It's not just George, either. Have you ever had an argument where the other person makes their point, and you say you're sorry, but then they continue to explain why they're mad over and over until they run out of anger? All the characters are like this, their fury-monologues meticulously transcribed. And they have plenty of opportunities for screaming fits because they spend all their time hanging out with other psychologically miscalibrated individuals.
Really, I can't say that Bennett's character development is bad. I've met people just like his characters. They're just the type of people whose drama and psychosis I try to avoid.
The story is TOO saccarine. Seriously, there is a point at the end, where a character is observed by all his neighbors looking heartbreaking in a manner they can't put their finger on. It's ham-fisted tragedy at its finest. Just when you think the author has painted himself up the most obvious tragic scenario possible, interlaced with 5 other tragic scenarios, he painstakingly explains to you "see, this is what I've done here...." Even when he writes himself a happy ending, he makes sure you know everyone is beautifully screwed. And it's soooo bittersweet you immediately need to go to the dentist.
This is a fairytale without claws. It is not a horror any more than a Disney movie is a horror. It has a "villain" - a very heartwarming villain who is the most likable character. It might be scary to children whose imaginations can provide the kind of terror the author does not. As an adult, your imagination will be too busy figuring out how to kill off all the characters except the two you like. Just like when you're watching "Walking Dead!"
I don't know why people keep getting confused that fairytales can be written by providing a lot of detailed surreal atmosphere and maybe some fairies. A fairytale is dark and unnerving and teaches you about survival. I don't know what this book teaches you. I guess not to date that girl/guy who's been through some stuff and seems a little broken. And that she might be trying to save the world.
I'm a web designer in Southern California that loves a good thick book - especially epic fantasy, sci-fi, and contemporary thrillers. My favorite authors include Stephenson, Erikson, and Sanderson.
The story, the characters, the world were all so interesting and different. I have absolutely zero interest in Vaudeville or theater, but that's really just the framework that this magnificent fabric of story is hung upon - in short, don't let that part turn you off.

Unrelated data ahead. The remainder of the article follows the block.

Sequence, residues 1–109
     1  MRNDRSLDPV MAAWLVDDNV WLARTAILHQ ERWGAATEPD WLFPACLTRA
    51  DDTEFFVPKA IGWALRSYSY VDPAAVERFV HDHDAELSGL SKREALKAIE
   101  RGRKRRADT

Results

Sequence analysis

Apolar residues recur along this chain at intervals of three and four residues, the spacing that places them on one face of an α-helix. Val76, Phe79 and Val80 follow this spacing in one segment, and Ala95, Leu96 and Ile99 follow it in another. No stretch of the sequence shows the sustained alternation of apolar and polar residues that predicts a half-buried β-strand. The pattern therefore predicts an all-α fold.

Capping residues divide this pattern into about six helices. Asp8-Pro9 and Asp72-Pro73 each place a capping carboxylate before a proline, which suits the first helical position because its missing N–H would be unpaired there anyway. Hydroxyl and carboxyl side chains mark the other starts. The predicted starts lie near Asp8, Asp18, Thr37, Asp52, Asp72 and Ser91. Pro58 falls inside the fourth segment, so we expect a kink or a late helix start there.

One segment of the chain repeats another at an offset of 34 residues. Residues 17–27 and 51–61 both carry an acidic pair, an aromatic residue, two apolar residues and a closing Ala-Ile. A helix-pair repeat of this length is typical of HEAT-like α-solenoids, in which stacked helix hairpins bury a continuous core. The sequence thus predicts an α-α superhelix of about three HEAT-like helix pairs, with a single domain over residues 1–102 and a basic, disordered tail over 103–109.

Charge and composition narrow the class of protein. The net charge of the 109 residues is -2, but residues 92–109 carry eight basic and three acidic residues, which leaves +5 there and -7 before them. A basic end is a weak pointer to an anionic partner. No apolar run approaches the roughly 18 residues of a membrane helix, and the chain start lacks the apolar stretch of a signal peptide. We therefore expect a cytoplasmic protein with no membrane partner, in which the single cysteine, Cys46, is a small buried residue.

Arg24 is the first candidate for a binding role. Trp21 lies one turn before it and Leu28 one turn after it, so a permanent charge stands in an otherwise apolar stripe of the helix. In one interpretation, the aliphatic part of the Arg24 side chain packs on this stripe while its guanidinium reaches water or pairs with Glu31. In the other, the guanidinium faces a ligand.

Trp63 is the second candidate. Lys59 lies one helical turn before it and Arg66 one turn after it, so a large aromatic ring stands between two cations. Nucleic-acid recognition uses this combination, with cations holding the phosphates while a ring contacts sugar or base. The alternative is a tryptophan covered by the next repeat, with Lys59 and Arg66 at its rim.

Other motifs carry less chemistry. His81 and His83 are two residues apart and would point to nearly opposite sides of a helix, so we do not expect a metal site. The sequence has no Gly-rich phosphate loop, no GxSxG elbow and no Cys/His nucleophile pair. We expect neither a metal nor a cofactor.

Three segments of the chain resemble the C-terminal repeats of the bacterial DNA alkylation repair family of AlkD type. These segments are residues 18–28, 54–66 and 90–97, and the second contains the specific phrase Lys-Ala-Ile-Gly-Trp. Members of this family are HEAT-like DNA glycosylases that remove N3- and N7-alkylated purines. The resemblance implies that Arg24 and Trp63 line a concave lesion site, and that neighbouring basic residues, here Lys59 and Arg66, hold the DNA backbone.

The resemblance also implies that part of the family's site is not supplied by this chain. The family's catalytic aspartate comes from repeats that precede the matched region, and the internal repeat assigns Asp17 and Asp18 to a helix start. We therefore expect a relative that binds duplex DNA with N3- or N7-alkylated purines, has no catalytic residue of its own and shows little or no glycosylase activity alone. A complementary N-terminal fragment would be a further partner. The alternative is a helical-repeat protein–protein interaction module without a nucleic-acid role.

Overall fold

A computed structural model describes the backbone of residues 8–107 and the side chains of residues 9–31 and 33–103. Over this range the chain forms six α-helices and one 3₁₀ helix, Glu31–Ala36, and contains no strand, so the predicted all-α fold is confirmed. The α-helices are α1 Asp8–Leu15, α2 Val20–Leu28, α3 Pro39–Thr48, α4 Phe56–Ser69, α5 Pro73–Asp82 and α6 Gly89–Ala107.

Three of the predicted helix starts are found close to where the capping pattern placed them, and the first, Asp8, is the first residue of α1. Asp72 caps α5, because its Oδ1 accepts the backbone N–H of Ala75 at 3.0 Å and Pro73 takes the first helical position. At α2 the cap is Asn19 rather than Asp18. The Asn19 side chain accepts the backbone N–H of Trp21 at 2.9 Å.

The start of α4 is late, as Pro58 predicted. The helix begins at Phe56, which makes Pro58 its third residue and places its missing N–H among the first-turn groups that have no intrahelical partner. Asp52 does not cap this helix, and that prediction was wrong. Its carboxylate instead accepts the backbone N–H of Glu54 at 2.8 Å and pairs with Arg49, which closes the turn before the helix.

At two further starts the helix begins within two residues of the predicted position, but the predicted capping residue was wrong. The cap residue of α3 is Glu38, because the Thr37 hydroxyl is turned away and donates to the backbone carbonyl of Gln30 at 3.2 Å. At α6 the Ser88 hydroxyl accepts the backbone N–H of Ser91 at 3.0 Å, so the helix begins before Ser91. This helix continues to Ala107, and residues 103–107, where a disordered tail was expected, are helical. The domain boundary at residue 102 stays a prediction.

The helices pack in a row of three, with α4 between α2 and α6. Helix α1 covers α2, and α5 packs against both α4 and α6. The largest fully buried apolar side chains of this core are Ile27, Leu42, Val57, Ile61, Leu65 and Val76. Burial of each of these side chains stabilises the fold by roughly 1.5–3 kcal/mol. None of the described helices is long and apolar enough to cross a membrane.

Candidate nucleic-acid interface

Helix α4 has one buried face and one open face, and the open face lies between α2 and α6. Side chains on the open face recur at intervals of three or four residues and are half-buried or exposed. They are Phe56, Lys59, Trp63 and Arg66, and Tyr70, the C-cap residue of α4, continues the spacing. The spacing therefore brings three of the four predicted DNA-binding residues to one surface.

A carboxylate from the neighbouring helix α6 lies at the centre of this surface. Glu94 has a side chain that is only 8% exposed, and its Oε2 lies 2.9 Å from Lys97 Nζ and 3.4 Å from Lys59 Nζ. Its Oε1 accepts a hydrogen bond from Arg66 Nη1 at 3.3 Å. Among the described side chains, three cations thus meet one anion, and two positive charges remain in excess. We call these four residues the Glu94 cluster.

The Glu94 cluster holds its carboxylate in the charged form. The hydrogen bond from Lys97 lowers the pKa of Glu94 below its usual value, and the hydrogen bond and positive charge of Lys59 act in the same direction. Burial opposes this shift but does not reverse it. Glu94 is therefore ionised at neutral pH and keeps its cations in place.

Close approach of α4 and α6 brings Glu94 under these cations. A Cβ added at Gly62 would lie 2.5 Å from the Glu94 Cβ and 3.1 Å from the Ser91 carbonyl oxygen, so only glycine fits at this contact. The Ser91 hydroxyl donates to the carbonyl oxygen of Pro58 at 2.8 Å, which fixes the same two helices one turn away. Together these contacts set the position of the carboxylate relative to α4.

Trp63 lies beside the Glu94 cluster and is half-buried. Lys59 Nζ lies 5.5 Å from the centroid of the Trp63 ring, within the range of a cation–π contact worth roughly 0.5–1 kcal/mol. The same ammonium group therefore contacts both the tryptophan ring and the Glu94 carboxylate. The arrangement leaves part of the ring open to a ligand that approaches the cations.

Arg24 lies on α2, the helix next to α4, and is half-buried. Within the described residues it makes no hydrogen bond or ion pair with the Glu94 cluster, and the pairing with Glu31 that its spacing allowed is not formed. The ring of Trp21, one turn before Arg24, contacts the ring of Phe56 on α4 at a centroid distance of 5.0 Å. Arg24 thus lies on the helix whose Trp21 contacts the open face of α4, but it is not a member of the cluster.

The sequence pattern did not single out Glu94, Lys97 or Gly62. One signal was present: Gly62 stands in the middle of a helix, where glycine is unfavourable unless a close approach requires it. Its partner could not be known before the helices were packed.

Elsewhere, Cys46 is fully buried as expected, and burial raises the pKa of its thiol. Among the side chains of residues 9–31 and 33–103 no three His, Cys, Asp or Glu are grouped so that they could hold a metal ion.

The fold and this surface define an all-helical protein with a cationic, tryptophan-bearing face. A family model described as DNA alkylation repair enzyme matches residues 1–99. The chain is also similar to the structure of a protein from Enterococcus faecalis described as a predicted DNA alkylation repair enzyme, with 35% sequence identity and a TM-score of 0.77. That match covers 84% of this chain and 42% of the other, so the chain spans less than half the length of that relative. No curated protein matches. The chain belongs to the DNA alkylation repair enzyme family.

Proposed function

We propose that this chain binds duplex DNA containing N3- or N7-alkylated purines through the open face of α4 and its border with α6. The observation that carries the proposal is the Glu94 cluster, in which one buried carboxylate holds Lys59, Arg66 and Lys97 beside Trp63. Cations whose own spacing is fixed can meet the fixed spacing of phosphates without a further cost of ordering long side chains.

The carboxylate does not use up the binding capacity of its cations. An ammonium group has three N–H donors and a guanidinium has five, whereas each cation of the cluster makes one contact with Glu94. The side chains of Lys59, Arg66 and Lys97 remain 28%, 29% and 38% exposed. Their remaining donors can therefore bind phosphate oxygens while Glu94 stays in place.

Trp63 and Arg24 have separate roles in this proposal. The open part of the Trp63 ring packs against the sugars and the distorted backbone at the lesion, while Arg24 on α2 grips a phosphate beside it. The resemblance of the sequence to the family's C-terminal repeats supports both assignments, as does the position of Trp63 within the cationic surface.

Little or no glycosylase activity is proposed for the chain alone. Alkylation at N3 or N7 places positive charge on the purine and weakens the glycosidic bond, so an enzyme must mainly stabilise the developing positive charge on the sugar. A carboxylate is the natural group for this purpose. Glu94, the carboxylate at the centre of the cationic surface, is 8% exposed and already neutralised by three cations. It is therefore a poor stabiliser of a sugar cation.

I'm a big fan of thicker fantasy & fiction writing, but this book (which is relatively short compared to my usual far) really worked like a charm to break up a "reading rut" that I'd run into where I just wasn't finding anything interesting to dig into.
I didn't love the ending... but I also can't really imagine a better way to close up the book. In short, I guess I was just sad to see the story come to a close when I could have read another 400 pages (or hours?) of material based in this world.
I don' understand the positive reviews. I am an avid fantasy/fiction reader and listener (I know have 300+ audible books in my library). Reading the reviews I thought I would get something different, refreshing and "period" (vaudeville).
I simply could never get engaged in the story. I found Mr Moreno boring and flat) and the characters, flat and crude. THere was no warmth, no human interest- simply characters being pushed around in service of a pretty unique fantasy construct. But the construct was not enough to build a novel around. I must admit I made it 50% of the way through the thing and finally said "why I am torturing myself?" this is just plain boring.
I love Black Company, LOTR, first three books in G RR Martin's series (the last two suxed), Sherlock Holmes, Murder Mysteries ("I Would Know You Anywhere" being a favorite, WOT (excepting books 8-9), anything Brandon Sanderson writes (to date). So this is not a case of being stuck on one type of fantasy or genre.